The Proximus unions are concerned about a meeting that will be held Thursday.
The unions have been told the extraordinary joint committee, the equivalent of a works council, is meeting to discuss how the telecom operator could “transfer activities.”
La Libre Belgique reported the telecom operator’s directors requested the meeting, to be held at 5pm on the 11th of July. This was confirmed by Bart Neyers from the CGSP union. What exactly they will discuss has not been released. “It’s not nice to be called to a meeting without any documents to look at beforehand, it’s very unusual,” Neyers said.
Proximus is currently undergoing massive restructuring and this latest move has the unions worried. The only information they have is the meeting agenda’s title: “transferring activities.” The late time of the meeting also makes them think the items they will discuss could impact the stock market.
Bart Neyers is worried that the meeting will only touch on part of the restructuring plan Proximus announced back in January. The current plan involves the loss of 1,900 jobs and is currently under negotiation with the unions.
Neyers thinks Proximus’ bosses want to sub-contract management of the mobile network. “That would mean moving 108 full-time jobs. Other operators have already sub-contracted this work to third parties.” This kind of transfer mainly concerns technicians and engineers who maintain pylons with GSM antennas.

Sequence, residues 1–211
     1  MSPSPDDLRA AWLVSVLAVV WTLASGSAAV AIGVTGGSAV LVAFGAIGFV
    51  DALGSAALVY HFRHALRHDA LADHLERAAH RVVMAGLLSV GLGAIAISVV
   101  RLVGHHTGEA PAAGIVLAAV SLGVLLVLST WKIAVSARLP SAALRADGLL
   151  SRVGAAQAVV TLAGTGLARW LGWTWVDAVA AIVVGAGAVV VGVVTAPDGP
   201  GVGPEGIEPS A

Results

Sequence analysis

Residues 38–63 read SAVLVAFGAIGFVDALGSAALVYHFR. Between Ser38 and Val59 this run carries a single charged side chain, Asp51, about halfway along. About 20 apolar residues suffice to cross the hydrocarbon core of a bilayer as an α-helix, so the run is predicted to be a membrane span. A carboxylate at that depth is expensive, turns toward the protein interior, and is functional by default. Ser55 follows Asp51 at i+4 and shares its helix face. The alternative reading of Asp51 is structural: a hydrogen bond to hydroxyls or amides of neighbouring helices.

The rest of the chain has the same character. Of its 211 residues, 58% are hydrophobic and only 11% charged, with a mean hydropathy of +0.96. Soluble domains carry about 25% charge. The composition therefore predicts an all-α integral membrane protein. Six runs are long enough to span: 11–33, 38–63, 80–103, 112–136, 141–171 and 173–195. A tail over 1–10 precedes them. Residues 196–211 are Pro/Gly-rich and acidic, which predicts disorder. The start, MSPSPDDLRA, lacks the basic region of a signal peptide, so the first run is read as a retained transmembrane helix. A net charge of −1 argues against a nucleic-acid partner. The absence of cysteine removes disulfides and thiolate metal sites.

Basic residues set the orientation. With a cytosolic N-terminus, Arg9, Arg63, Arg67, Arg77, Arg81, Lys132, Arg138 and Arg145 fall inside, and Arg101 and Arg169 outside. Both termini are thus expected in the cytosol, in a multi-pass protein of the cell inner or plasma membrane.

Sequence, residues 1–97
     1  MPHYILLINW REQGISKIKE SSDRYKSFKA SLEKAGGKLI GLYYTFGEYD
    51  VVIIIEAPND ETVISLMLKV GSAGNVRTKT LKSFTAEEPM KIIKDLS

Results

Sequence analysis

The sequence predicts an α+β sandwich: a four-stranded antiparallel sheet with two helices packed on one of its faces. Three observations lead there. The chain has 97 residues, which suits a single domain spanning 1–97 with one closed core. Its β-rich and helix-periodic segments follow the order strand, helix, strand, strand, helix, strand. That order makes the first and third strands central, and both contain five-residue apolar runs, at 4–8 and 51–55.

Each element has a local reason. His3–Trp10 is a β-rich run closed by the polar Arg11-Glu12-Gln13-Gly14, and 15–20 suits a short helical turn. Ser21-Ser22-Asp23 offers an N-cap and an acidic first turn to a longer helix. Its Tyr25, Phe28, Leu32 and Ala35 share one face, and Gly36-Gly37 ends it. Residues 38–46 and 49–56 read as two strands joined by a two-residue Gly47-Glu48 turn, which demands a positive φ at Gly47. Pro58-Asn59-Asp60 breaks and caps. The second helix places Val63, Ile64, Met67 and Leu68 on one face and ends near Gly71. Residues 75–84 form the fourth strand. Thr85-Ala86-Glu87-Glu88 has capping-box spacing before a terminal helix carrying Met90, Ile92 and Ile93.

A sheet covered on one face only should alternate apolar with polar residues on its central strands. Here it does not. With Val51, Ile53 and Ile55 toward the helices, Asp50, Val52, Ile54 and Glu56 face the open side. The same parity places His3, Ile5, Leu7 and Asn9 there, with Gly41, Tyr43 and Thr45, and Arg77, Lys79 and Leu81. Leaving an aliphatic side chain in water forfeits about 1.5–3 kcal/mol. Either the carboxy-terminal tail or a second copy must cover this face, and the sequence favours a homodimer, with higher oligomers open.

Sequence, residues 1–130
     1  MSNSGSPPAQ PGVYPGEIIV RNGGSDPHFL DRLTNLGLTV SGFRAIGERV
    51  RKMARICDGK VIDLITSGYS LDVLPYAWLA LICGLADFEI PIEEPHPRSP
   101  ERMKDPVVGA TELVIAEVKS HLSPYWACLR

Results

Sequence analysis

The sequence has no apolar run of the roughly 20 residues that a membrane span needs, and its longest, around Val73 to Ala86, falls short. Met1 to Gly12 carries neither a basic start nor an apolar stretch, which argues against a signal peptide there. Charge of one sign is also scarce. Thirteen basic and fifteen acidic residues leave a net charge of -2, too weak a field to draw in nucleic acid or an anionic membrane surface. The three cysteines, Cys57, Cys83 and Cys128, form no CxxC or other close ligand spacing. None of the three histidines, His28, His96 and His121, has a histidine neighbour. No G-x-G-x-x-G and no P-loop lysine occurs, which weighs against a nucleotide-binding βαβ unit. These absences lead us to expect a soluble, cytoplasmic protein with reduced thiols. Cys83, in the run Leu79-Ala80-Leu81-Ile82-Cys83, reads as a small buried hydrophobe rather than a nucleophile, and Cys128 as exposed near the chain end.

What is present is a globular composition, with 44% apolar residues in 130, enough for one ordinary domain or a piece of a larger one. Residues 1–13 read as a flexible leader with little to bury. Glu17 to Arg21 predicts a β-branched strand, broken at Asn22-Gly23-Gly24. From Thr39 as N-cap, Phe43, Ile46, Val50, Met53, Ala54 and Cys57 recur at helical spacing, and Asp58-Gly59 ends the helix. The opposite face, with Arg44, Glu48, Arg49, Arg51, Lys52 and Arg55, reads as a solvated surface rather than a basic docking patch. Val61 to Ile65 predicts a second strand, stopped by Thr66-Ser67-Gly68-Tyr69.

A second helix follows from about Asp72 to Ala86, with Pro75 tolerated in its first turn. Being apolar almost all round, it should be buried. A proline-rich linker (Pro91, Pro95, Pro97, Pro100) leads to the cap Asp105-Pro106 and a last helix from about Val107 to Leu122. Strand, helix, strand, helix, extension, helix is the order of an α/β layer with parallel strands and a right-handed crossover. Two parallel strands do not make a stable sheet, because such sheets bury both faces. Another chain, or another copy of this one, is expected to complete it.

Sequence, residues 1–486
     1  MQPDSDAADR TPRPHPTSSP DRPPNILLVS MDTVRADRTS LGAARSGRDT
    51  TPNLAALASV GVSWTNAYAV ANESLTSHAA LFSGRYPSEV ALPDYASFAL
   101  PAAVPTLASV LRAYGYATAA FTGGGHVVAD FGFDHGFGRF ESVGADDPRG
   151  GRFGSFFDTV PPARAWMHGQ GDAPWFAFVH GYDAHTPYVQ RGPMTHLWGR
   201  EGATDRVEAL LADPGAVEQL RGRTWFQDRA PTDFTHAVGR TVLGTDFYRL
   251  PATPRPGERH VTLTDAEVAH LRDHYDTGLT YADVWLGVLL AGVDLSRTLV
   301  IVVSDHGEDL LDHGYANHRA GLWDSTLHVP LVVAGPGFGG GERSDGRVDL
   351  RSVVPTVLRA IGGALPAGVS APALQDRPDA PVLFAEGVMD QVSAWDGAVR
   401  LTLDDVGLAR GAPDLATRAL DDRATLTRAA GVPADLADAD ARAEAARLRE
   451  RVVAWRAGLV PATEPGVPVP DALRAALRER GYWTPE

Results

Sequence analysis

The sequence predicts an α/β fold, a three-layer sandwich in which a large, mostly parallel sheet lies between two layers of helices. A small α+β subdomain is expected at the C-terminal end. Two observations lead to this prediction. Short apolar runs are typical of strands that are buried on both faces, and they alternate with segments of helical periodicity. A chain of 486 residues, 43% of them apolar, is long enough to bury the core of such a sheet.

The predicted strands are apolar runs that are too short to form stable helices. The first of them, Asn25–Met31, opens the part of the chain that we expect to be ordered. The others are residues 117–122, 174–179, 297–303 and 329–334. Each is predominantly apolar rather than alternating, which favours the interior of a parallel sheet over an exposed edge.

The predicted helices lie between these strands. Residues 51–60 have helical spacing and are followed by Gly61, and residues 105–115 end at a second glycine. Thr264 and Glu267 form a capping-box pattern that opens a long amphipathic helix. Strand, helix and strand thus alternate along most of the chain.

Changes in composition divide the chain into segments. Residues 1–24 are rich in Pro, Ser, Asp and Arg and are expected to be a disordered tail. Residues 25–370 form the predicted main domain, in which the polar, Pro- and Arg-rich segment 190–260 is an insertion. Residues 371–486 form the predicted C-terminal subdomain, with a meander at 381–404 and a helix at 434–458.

The unions have warned they would not be happy with this. “The idea is not to only tackle part of the issue. We started officially negotiating the plan last month, but we haven’t made one ounce of progress,” the CGSP said. They are worried people who move to a sub-contractor would no longer be covered by any voluntary departure plan.
Bart Neyer said the semi-public company’s restructuring negotiations are not progressing because the directors are continuing to threaten the unions with forced redundancy. “We want this cloud lifted. Threats don’t get us anywhere.” The unions have said they don’t think they will find a compromise by the end of the summer.
Proximus’ directors didn’t want to talk about the meeting’s agenda.
The Brussels Times